In Scotland, mountains offer solace
chance to get lives in perspective.
After the climb to the top
we see our corner of the world
spread out below.
How insignificant we seem,
how worries seem to shrink;
we see ourselves as mere specks
in the vast landscape.
We can choose which paths
take us up and down the mountains.
We celebrate a life that’s good.
There, in Afghanistan
we see majestic mountains,
we see people walking.
There they don’t feel safe.
No-one can know what dangers
lurk as they take twisting paths.
Will many live to complete
their journey? No celebratory
picnic on the tops for them.
If they choose a path, where
will it lead them? Who knows
when death will meet them?
Where do they go to after work?
Bazookas on their shoulders
Dirty and dusty
Emerging from caves and blown-up hidey holes
that at least is true
Where are the women?
Where are the children?
Where are the pets, the comforts, the food?
Where is the table that the food should be upon?
Have these men been there
As long as the mountains
Are they as grim and tough and ominous
As the mountains?
My friend died in these mountains,
harsh lands on a Biblical scale
though it was the Koran
he brought back with him.
He went to bear witness,
had a camera he’d never used
and a can-do attitude
he’d learned from the SAS.
He bucked the system there,
too maverick to toe the line,
a failure in his eyes
though not in the eyes of others.
Up there in the mountains
they were soldiers too,
fighting their holy war.
Maybe all war was holy to him.
Not that he wanted to see
people die but he understood
resistance to oppressors.
He worshipped their courage.
He marched through the night with men
who knew the paths by heart,
following their footsteps with faith
and blind animal grace.
They slept in icy caves,
scattered with animal bones,
and he talked of books and love
with the man who was a lion to his people.
A man who recognised
the roaring inside him
and knew there were ways
to quiet it, to be still.
In the thin air of the mountains
existence becomes pure
and it’s easy to believe
heroism is about finding ways to die.
The chance of a noble death,
dying in the pursuit of truth,
was taken from my friend.
He was murdered - for his camera.
But I hope that up there,
where the height of luxury is hot tea
infused with the tang of woodsmoke,
he was finding a way to live.
Andy Skrzypkowiak was an exceptionally courageous photojournalist who was murdered in Afghanistan in 1987. He was known for his footage of Afghan mujahideen led by Ahmed Shah Massoud, known as the Lion of the Panjshir.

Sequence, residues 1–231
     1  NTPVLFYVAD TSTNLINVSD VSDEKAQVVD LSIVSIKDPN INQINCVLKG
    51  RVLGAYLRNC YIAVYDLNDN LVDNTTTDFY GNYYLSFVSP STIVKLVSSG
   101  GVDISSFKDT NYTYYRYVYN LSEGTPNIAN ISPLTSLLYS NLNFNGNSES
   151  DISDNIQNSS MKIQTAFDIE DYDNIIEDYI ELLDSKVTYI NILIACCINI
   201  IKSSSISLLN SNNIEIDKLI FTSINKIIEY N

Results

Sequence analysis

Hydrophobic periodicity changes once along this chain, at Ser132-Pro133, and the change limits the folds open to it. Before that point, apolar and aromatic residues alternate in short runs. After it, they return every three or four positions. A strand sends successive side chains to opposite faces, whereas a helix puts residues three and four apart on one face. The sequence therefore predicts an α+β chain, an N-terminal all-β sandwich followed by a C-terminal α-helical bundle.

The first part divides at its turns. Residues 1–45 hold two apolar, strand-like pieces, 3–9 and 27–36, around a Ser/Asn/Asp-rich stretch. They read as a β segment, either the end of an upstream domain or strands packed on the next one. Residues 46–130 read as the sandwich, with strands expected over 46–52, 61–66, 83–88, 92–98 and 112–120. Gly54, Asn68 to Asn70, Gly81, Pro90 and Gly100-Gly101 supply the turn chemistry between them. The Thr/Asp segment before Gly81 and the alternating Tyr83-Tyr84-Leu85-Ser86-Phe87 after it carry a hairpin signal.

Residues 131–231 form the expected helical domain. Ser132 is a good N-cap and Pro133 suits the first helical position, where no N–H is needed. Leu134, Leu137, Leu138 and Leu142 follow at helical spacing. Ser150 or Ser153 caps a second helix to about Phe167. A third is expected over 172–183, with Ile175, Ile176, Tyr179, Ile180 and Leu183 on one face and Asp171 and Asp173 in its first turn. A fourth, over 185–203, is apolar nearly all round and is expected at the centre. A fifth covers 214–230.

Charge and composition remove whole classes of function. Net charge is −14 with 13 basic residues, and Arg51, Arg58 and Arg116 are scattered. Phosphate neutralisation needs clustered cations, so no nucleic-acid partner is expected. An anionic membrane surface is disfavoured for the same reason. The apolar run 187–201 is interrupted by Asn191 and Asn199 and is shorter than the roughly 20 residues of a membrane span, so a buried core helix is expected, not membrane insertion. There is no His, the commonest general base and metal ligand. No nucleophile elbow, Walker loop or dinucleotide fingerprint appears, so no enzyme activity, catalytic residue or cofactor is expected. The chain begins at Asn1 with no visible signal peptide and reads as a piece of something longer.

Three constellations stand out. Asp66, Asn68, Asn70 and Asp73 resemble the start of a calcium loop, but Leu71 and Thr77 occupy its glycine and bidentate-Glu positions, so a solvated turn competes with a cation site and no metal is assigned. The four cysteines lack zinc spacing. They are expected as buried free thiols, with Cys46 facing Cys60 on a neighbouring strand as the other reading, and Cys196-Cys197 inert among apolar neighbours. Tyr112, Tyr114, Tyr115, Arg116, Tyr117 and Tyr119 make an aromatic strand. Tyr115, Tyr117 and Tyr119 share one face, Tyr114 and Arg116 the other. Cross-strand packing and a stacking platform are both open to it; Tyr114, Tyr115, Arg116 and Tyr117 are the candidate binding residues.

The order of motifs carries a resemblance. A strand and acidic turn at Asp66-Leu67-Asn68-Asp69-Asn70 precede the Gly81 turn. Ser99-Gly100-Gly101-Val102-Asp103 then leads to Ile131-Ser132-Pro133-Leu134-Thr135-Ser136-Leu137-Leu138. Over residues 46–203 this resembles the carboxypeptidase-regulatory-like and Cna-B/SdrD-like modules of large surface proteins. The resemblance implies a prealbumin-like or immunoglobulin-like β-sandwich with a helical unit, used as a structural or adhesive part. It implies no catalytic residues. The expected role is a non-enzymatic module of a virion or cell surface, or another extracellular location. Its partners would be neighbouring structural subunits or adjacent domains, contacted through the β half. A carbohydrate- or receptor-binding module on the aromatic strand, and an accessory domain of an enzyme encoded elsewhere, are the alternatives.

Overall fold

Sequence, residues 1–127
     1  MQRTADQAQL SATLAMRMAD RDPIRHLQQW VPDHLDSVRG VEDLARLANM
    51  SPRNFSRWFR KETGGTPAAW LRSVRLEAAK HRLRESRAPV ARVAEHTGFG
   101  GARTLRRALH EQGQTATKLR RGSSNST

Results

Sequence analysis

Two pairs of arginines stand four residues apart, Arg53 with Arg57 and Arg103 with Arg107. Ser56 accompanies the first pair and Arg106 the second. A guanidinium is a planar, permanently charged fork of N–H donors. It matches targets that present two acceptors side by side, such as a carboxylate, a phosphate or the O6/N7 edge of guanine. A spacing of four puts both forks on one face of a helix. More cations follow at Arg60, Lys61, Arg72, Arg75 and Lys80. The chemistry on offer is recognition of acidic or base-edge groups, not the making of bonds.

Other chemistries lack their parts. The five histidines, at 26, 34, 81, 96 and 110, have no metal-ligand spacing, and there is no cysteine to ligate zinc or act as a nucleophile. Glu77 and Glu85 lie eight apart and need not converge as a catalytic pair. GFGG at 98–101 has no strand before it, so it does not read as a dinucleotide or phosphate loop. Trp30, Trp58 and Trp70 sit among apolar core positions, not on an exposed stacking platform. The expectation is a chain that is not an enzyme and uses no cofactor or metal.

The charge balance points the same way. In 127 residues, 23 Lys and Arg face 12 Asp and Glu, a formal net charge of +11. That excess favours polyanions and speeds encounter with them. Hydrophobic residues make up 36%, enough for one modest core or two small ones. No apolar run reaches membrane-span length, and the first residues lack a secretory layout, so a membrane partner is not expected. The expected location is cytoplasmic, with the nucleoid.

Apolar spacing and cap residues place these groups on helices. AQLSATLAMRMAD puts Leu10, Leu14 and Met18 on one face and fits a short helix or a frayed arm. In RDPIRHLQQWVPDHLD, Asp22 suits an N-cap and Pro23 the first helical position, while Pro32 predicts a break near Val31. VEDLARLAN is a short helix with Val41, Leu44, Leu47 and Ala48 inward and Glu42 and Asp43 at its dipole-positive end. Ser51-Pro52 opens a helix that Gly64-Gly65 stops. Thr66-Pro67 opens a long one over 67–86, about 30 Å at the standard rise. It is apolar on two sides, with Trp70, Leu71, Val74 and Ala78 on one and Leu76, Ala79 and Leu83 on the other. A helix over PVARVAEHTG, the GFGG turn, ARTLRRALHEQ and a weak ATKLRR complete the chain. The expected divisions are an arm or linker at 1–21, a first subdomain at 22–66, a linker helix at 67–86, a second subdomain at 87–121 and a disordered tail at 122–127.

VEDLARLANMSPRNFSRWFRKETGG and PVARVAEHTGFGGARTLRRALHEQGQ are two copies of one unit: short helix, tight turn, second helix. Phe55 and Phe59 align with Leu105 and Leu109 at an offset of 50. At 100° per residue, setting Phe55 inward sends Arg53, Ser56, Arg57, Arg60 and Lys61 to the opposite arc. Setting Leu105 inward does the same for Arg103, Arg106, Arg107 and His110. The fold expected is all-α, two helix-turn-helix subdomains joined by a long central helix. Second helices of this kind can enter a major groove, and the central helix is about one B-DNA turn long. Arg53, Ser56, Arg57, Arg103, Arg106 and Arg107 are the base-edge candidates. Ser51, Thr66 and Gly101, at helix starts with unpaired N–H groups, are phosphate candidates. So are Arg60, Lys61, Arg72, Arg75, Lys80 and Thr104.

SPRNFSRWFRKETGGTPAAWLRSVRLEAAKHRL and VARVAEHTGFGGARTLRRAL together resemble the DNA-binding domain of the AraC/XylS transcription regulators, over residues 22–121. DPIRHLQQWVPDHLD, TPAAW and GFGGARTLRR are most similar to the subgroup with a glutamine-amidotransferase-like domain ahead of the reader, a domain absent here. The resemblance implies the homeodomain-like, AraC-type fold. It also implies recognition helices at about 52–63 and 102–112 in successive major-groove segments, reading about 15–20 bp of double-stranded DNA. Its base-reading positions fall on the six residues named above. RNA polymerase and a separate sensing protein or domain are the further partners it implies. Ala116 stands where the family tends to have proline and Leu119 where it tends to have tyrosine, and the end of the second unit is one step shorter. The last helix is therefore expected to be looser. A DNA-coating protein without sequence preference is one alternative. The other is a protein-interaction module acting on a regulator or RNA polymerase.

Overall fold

the silk road
these bombs that fall upon our land
bring liberty they say
but I know not how, why and to who
death does not discriminate
it comes and goes each day
from russia with love and those born in the usa
our so called allies also leave their card
as they strike back at this year’s foe, next year’s friend
and the circle is unbroken
the leaves are shaking on the trees
and the silk road is closed once more
They remind me of the paintings
of William McTaggart -
all those children he painted
who seemed to merge into the land
or into seascapes. Those children
had become part of nature, their lives
free as birds screeching on the shore.
The men of the mountains
walk the narrow paths or squat
on the rocks of grey hill-sides.
And their faces are hard like rock,
their faith rock-solid too,
worth defending with rifles and mortars,
they could run over these rocks like ibex.
McTaggart’s carefree children ran too
along the shores of Machrihanish beach
no hint of fear in their smiling faces,
while the men of the mountains for centuries
have had to deter invaders extending empires
and send them homeward to think again.
State sponsored desolation
Apparently for reasons of control and not anarchy
Strategically positioned countries
Spilling out because they’ve got no hope or land left
The news says: Economic migration
Generations, sick hungry displaced - bereft
That once provided answers, refuge, solace
Now diffusing scorched earth
Chasms from which retaliation shall emerge
Vengeful declarations, dogmas of virulent malice
Death tolls endlessly recounting
The mountains have laid bare their void
An expensive resettlement program
Usually costs more than the war
When the smoke clears, leaving a theocratic and bloodthirsty vacuum
This stricken land may forgiven for asking
What was it all for?
Andy Skrzypkowiak with Massoud
Click on the gallery to find out more about their work!